I've worked really hard to train my dog to stay on the pavement and not go on peoples' gardens. It's really hard when other people don't control their pets though as the dog follows their nose. Once one dog has peed on your property they'll all follow. I really hate it when I see hedges or plants next to pavements burned at dog wee height. Cats are just as bad though.

    I love extendable leads though. Used properly they're brilliant but sadly most people don't use them properly. My dog is so good on his 8 metre lead that he gets confused if I have to switch to the spare lead which is only 6m. The one I have now has a wide hi-vis tape as the lead part which is a great improvement over the thin black string types. I got shouted at by a farmer once because he couldn't see the thin cable and thought the dog was loose. We were nowhere near any livestock but he'd had problems apparently. He did apologise when he saw it though in fairness.
  • DovefromaboveDovefromabove Central Norfolk UKPosts: 55,117
    edited 26 August
    I agree that the extendable leads have a use ... however they are not suitable for large dogs or for any dogs when walking on pavements in residential areas .... 😠

    ive had dogs all my life until fairly recently ... large and smaller types ... some had from puppyhood and some acquired as ‘rescue dogs’ ... they all learned quickly to walk sensibly alongside me when on the lead ... that made the walks much more enjoyable for me and for the dogs. 

    It seems to me that some folk think that as long as they are stronger than their dog then they don’t need to train it 😠 and they always think they’re stronger than their dog 🙄 

    The other day I was in a queue of traffic  in a residential area when I saw an older chap, who didn’t look particularly fit, walking a large husky type dog on an extendable lead ... then around the corner came a young woman with a baby in a buggy and a small white Maltese type dog trotting nicely alongside.

     I watched the large dog suddenly change direction, wrap the lead behind the man’s legs and lunge across the lawn towards the Maltese, pulling the man over and dragging him on his stomach across the grass.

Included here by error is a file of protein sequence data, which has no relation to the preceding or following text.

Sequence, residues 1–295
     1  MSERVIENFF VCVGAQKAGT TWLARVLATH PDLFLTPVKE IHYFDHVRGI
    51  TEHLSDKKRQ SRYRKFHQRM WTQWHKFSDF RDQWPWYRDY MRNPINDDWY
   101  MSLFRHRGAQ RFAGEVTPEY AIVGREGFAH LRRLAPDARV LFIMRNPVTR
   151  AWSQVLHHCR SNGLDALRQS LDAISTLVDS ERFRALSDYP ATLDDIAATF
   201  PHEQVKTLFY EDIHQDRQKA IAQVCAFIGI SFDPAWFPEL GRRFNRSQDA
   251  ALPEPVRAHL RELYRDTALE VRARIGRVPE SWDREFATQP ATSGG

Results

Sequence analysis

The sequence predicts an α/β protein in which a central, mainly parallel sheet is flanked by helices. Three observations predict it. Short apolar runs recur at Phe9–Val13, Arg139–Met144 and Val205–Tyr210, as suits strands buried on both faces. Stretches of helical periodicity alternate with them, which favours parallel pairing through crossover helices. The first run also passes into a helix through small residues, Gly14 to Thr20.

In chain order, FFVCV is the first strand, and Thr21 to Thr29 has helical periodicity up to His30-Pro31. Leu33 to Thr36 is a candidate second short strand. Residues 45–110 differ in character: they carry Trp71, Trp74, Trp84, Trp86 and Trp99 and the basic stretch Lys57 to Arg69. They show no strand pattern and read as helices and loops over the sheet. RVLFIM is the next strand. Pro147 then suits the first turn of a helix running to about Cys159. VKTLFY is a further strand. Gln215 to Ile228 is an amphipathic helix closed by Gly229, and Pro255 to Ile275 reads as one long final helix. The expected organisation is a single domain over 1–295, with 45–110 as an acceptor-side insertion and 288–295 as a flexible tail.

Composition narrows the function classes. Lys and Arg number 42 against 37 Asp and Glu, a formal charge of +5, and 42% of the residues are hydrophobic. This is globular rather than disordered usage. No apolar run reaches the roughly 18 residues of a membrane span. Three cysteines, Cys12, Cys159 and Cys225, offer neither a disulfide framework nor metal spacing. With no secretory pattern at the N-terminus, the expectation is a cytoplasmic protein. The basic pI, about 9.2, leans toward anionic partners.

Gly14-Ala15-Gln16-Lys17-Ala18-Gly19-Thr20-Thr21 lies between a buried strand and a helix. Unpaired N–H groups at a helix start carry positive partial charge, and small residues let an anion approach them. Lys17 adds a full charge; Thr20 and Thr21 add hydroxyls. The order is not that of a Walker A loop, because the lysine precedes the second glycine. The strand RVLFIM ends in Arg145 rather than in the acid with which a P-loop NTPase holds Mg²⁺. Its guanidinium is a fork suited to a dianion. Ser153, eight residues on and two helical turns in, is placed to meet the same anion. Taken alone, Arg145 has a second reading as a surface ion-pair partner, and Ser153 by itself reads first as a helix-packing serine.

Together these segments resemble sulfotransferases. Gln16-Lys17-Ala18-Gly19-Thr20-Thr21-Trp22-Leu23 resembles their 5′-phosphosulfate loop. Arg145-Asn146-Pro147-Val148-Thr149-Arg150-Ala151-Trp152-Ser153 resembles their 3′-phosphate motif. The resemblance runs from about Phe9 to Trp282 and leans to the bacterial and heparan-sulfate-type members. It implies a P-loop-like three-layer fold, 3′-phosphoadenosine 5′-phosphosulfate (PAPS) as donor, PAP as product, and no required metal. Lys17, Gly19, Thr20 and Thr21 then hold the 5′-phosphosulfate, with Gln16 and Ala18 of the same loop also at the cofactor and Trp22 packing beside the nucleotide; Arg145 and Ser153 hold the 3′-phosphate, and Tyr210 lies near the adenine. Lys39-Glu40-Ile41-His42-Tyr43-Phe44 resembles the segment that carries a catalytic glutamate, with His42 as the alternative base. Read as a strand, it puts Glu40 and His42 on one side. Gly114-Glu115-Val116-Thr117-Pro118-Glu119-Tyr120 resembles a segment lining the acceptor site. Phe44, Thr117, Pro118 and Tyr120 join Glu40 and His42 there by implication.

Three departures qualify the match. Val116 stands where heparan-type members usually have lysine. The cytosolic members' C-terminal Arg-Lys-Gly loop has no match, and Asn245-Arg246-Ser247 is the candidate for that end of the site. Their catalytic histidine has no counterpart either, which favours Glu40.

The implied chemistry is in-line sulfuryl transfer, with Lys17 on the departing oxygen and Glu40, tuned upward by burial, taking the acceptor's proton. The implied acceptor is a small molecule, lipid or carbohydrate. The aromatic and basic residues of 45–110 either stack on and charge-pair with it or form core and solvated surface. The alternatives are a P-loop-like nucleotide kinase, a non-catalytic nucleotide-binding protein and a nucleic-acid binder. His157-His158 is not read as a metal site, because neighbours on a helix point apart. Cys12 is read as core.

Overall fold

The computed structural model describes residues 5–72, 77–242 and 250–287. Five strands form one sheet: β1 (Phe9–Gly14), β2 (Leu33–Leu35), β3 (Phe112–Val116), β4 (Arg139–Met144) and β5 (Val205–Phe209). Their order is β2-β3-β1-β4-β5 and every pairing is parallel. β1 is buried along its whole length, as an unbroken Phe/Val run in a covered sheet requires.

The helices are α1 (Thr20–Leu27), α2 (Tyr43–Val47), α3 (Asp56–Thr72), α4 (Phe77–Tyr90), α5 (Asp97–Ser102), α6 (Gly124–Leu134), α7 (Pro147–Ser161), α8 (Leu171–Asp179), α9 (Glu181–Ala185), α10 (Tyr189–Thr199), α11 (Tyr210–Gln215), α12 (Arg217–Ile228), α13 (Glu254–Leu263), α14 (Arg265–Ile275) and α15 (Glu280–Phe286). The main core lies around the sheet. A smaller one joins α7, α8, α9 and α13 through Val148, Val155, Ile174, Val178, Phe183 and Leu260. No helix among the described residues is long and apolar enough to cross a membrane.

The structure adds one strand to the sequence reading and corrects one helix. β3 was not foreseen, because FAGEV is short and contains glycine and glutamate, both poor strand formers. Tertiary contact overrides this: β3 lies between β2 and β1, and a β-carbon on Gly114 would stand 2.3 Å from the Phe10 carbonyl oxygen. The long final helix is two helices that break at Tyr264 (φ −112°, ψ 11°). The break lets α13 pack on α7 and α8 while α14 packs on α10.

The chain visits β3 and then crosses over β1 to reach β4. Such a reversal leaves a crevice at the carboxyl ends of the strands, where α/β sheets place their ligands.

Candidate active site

The woman with the buggy began to shout/scream as the husky got close and the man being dragged just hung onto the lead and kept shouting what sounded like ‘Roy!’  ... fortunately it was all over in a flash ... two men (painters I think) who were working on the house rushed over and grabbed the husky by the lead and collar just as it reached the Maltese and the chap on the other end of the lead staggered to his feet.  

    The traffic moved on and so did I ... a few minutes later I completed my errand and returned along that street ... no sign of either dog or their owners ... just the painters sanding down the windowsills  ... alls well that ends well ... but goodness knows what would’ve/could’ve happened if the painters had not been there.

    That big dog was totally unsuitable for that older chap to be walking. 
    “I am not lost, for I know where I am. But however, where I am may be lost.” Winnie the Pooh







  • PosyPosy Posts: 1,593
    It's really important not to punch or be punched but if the offender is obviously incapable of aggression, take a picture on your phone. Include the dog - in action if possible - and the owner in the same shot. I don't know if there is any legal action you can take but it tends to frighten the owners into better behaviour. My daughter did this with a woman who let her aggressive dog loose despite the fact that it persistently attacked smaller dogs. It worked.
  • Hostafan1Hostafan1 Posts: 21,297
    why are SOME pet owners so totally selfish??
     "I want a dog / cat, you're going to have to deal with the shit"
    Devon.
  • DovefromaboveDovefromabove Central Norfolk UKPosts: 55,117
    💡 Put a notice by your lawn saying ‘☠️ lawn treatment applied ... may be harmful to pets’ ... that might make the owners keep their dogs on a short rein ... at least for a while. 


    “I am not lost, for I know where I am. But however, where I am may be lost.” Winnie the Pooh